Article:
Trio wins Nobel Prize in Physics for his work on understanding climate change

  • The 2021 Nobel Prize in Physics awarded to three scientists
  • Their work has improved understanding of climate change
  • World Meteorological Organization welcomes decision

STOCKHOLM, Oct.5 (Reuters) – Japanese-American Syukuro Manabe, German Klaus Hasselmann and Italian Giorgio Parisi on Tuesday won the 2021 Nobel Prize in Physics for work that helps understand complex physical systems such as Earth’s climate change.

In a move hailed by the United Nations meteorological agency as a sign of consensus around man-made global warming, half the price of 10 million Swedish kronor ($ 1.15 million) goes equally to Manabe, 90, and Hasselmann, 89, for modeling the Earth’s climate and reliably predicting global warming.

The other half go to Parisi for discovering in the early 1980s “hidden rules” behind seemingly random movements and vortices in gases or liquids, which can also be applied to aspects of neuroscience, machine learning. and starling flight formations.

“Syukuro Manabe and Klaus Hasselmann laid the foundation for our knowledge of Earth’s climate and how humanity influences it,” the Swedish Academy of Sciences said in a statement. “Giorgio Parisi is recognized for his revolutionary contributions to the theory of disordered materials and random processes.”

Hasselmann, who works at the Max Planck Institute for Meteorology in Hamburg, told Reuters from his home that he did not want to wake up from what he described as a beautiful dream.

“I’m retired, you know, and I’ve been a little lazy lately. I’m happy for this honor. The research continues,” he said.

The Academy said Manabe, who works at Princeton University in the United States, laid the foundation in the 1960s for today’s understanding of Earth’s climate.

Hasselmann, he said, had developed models some 10 years later which became instrumental in proving that mankind’s carbon dioxide emissions cause temperatures in the atmosphere to rise.

Parisi, who took part in the press conference announcing the winners, has been invited to deliver her message to world leaders scheduled to meet for the UN climate change talks in Glasgow, Scotland from October 31. .

Member of the Nobel Committee for Physics Thors Hans Hansson, Secretary General of the Royal Swedish Academy of Sciences Goran K. Hansson, and Member of the Nobel Committee for Physics John Wettlaufer announce the winners of the 2021 Nobel Prize in Physics at the Royal Swedish Academy of Sciences in Stockholm, Sweden, October 5, 2021. Pontus Lundahl / TT News Agency via REUTERS

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“I think it is very urgent that we take real and very strong decisions and move forward at a very sustained pace,” said the 73-year-old laureate who works at Sapienza University in Rome.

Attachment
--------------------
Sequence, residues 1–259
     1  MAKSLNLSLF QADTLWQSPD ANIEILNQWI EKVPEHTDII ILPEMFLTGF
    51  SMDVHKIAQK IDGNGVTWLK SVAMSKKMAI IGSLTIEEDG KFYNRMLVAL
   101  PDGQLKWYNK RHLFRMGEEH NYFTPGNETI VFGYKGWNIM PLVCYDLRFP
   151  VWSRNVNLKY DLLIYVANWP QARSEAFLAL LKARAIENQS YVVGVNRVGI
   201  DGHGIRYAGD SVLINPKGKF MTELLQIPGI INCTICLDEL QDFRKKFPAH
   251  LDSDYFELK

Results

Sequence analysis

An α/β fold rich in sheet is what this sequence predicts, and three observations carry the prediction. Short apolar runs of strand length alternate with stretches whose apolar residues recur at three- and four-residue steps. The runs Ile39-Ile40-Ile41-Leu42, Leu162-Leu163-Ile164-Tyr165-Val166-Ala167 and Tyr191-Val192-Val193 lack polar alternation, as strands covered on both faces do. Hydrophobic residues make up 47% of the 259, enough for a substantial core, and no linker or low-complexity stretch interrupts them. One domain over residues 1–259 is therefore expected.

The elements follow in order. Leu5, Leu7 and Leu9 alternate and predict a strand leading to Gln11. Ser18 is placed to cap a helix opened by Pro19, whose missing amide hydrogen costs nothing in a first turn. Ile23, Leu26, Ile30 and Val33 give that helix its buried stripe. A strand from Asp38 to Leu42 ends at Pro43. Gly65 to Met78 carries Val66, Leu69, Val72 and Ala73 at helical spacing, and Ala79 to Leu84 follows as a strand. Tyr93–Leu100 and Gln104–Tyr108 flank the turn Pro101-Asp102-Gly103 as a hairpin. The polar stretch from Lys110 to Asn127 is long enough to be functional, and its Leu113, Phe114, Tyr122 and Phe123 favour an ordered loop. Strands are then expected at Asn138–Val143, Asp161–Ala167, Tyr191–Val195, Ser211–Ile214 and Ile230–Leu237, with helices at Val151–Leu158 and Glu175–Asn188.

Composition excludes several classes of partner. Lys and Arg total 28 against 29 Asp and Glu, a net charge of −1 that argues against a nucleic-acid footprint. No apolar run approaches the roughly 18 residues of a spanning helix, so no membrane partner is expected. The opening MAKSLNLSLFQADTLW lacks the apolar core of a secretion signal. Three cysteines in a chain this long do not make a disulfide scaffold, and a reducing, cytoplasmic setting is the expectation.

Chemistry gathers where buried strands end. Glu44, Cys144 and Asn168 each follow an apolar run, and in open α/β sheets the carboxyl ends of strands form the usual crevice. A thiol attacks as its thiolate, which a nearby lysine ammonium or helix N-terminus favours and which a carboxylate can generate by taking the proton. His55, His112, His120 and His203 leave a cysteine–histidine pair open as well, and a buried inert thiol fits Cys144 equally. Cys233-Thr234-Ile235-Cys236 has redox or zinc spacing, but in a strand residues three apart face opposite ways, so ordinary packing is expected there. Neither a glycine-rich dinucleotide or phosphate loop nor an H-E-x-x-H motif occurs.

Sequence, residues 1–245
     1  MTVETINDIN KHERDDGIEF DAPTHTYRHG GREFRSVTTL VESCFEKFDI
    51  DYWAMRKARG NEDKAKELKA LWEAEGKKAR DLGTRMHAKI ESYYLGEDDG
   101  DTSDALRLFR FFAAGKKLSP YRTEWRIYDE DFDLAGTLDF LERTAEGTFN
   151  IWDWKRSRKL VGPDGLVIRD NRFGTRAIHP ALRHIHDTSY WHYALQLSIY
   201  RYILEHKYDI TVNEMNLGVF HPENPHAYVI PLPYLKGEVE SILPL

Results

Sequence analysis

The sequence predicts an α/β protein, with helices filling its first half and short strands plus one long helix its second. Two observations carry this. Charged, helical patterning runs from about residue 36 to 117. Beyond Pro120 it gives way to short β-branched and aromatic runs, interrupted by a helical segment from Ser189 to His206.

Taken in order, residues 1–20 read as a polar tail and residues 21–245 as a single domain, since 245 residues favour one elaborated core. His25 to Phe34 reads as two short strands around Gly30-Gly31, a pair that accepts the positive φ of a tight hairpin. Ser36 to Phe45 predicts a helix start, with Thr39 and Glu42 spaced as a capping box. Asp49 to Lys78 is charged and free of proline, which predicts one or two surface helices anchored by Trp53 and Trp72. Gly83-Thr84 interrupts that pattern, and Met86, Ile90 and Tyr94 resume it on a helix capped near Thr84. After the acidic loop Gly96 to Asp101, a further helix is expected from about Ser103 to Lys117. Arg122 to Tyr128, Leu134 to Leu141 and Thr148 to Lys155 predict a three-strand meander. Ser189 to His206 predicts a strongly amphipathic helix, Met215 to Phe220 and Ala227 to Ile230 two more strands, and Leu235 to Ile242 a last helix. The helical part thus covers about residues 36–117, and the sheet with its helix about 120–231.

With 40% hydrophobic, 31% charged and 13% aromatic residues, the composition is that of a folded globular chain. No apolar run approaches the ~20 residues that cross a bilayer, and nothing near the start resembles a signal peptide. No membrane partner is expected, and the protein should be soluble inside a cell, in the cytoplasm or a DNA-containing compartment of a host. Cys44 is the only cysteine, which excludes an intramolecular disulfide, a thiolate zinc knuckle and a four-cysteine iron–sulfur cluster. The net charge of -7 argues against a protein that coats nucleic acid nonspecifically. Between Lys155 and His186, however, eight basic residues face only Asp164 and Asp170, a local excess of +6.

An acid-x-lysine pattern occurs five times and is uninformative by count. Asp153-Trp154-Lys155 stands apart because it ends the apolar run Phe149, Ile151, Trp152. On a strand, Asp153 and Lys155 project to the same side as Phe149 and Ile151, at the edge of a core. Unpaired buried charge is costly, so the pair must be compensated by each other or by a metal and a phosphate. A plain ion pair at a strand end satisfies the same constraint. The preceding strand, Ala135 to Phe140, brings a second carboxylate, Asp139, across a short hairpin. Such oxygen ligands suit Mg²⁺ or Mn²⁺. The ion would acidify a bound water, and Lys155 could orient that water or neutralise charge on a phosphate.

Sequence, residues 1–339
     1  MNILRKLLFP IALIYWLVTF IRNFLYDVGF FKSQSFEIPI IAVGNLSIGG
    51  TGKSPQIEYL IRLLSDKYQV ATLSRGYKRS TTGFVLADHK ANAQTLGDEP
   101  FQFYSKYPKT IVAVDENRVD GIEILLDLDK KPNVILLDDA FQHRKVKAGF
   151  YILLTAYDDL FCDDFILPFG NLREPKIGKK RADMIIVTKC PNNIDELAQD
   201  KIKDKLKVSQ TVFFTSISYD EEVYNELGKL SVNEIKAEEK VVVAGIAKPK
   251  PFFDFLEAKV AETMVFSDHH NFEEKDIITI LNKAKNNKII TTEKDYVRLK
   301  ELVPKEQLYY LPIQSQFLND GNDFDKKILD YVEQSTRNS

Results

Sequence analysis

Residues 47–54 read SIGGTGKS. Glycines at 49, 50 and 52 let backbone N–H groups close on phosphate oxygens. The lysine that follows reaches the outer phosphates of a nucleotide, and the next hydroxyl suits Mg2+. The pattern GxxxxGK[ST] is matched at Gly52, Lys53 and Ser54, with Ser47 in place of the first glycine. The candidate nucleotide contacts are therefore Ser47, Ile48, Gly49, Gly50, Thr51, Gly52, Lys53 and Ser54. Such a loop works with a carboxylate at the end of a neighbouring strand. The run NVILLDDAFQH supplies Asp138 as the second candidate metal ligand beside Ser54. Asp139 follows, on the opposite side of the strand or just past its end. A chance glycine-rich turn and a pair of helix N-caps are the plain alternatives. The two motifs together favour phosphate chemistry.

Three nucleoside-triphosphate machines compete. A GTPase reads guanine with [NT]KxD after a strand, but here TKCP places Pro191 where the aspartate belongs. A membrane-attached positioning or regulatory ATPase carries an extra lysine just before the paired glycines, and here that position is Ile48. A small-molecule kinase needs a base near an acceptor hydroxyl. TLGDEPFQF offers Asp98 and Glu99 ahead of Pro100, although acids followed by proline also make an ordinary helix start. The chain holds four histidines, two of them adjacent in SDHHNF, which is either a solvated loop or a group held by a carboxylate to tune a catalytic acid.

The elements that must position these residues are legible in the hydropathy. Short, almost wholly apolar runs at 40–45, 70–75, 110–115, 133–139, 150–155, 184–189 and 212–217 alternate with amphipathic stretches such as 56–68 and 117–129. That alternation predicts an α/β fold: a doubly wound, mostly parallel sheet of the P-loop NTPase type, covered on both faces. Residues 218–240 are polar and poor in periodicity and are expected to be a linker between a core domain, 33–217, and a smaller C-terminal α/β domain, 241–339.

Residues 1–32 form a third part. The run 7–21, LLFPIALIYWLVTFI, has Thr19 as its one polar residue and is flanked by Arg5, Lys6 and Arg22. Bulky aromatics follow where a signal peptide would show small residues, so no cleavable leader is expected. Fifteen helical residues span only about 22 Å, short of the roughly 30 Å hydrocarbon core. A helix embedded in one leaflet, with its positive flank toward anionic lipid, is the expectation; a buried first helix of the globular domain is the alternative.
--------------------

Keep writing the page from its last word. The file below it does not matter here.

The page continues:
GLOBAL WARMING

Work on climate change has already been recognized by Nobel Prizes.

Former US Vice President Al Gore and the UN climate panel received the Peace Prize in 2007 for galvanizing international action on global warming, and William Nordhaus won half the prize for economy 2018 for integrating climate change into the Western economic growth model.

“The skeptics or deniers of scientific facts (…) are no longer so visible and this message on climate science has been heard,” said the secretary general of the World Meteorological Organization, Petteri Taalas, of the this year’s award.

Physics is the second Nobel Prize awarded this week after Americans David Julius and Ardem Patapoutian won the Medicine Prize on Monday for the discovery of receptors in the skin that sense temperature and touch. Read more

The Nobel Prizes were created at the will of Swedish inventor and dynamite businessman Alfred Nobel and have been awarded since 1901 with only a handful of interruptions, mainly due to the two world wars.

Like last year, there will be no banquet in Stockholm due to the COVID-19 pandemic. The winners will receive their medals and diplomas in their country of origin. Read more

The announcement of the physics prize will be followed in the coming days by the chemistry, literature, peace and economics prizes.

($ 1 = 8.7290 Swedish kronor)

Ludwig Burger reported from Frankfurt; Additional reporting by Terje Solsvik in Oslo, Supantha Mukherjee and Anna Ringstrom in Stockholm, Johan Ahlander in Göteborg, Kirsti Knolle in Berlin and Emma Farge in Geneva, edited by Timothy Heritage

Our Standards: The Thomson Reuters Trust Principles.

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